Noble House: Luxury not just for the very rich


MONTEGO BAY, Jamaica -- Sometimes a vacation product really does live up to its hype.

Such was the case with Noble House, a Jamaican property and a member of the Villas by Linda Smith collection.

Having visited 10 or so of these villas on a whirlwind trip to Jamaica last January, I knew Smith's portfolio was pretty spectacular, but I hadn't stayed at any one villa for a significant amount of time.

The question was this: Would the charm of a villa vacation sustain itself for seven days? Suffice it to say -- it did.

The only problem, my three traveling companions and I agreed, was trying to articulate what we liked best. There was a lot to like about Noble House.

The four-bedroom, six-bath, 6,000-square-foot house is set on five acres overlooking the ocean near Montego Bay.

The Great Room opens onto a wrap-around veranda facing palatial grounds, a beach and water. A 2,000-square-foot pool cottage and a pool also are part of the mix.

Noble House, a Jamaican villa near Montego Bay and a member of the Villas by Linda Smith collection, is a four-bedroom, six-bathroom, fully staffed property overlooking the ocean. The house, with pavilions and peaked roofs, is decidedly grand, yet very comfortable. Its design allows a healthy share of natural light to seep into the living spaces, some of which are divided by water gardens and bridges. We loved the openness of the house and how it let us experience the climate.

The staff of seven, including a cook, butler, chambermaids, gardeners and laundress, anticipated our every need.

Valrie, the cook, prepared two different menus per meal because two of us were vegetarians and two were not.

"The vegetarian choices were excellent and much less expensive than eating out three meals a day," a nonmeat eater said.

We paid cash upfront, provided Valrie with a basic list of food preferences and left the rest to her.

For $30 a day we had three exquisitely prepared meals -- in addition to predinner hors d'oeuvres.

"What I liked best was not having to think about meals," said one of my traveling companions. "They just appeared. Often when you travel, you spend a lot of time discussing what to eat, then identifying a restaurant, and then getting there -- all very time-consuming."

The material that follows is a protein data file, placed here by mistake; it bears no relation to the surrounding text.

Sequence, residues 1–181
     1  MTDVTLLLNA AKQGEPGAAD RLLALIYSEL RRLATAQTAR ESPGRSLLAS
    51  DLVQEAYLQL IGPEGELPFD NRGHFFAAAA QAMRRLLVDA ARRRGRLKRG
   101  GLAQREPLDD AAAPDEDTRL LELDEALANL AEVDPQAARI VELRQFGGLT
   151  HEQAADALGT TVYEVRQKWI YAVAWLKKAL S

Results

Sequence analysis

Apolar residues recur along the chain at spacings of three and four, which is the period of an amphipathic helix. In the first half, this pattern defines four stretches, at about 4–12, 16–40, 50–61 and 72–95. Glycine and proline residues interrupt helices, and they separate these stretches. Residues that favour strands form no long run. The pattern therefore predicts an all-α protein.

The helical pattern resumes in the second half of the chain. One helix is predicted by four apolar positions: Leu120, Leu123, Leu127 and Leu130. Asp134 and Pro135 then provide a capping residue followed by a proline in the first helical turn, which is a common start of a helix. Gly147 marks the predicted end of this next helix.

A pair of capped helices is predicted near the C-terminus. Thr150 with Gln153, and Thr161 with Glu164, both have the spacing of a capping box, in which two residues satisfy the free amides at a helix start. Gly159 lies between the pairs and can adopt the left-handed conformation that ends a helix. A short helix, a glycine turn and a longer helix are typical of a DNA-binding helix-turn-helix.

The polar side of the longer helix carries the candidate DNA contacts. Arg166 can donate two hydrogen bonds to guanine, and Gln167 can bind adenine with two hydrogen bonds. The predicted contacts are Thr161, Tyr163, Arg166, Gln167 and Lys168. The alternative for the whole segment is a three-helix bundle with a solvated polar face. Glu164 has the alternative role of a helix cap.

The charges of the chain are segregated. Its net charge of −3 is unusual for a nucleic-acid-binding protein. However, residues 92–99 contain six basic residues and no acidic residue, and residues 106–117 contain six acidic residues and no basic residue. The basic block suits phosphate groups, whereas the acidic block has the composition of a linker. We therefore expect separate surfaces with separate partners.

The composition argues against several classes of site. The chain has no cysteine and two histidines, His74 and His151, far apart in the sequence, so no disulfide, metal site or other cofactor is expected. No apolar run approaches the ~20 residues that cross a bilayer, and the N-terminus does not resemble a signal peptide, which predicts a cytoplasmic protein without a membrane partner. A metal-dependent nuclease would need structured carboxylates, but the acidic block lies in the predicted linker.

We were a bit hesitant about having a staff of servants. "I thought it might be weird to have people waiting on us, but they were so nice and genuine that I felt instantly at ease," my friend said.

Linda Smith, owner of Villas by Linda Smith, said that many clients asked her what they would do with a butler.

"By the time they leave the villa, they're asking themselves how they can live without the butler," Smith said.

Indeed. Lloyd, our Noble House butler, was on the job at 6:30 a.m., preparing early-morning coffee that he discreetly placed on the verandas outside our bedrooms.

Lloyd stayed until we were ready to turn in at night, and he also served our meals and predinner cocktails.

Stephanie and Hyacinth, the housekeepers, had the daunting task of maintaining the large house, which they kept in pristine condition.

Patrick and Adrian, the gardeners, tended the grounds and the pool. Cynthia, the laundress, washed, folded and ironed our clothes. Guests actually return home with a suitcase full of clean laundry.

Our only daily concerns were what hedonistic pleasure to pursue. Should we loll around the pool, or maybe

visit the Round Hill Beach Club -- membership is complimentary to Noble House guests -- to use the fitness center, restaurant and beaches?

We came and went as we pleased, thanks to Nigel, our Noble House driver.

Although guests are not required to hire a driver for the week, I highly recommend they do so.

For a set fee of $666, which, divided by four, came to $166.50 apiece, we could go anywhere we wanted for as long as we wanted.

One day we traveled to Negril for a stroll on its seven-mile beach and drinks at Rick's Cafe, purported to offer one of the best sunset views in the Caribbean.

We missed that sunset because we knew cocktails, hors d'oeuvres and a fabulous dinner awaited us back at Noble House.

We usually dined al fresco on the main veranda that overlooks the grounds and the ocean.

On our last night, however, we opted for the villa's formal dining room, with its splashy crystal chandelier.

In the end, the only bad thing about Noble House was having to leave it.

To contact reporter Claudette Covey, send e-mail to [email protected].

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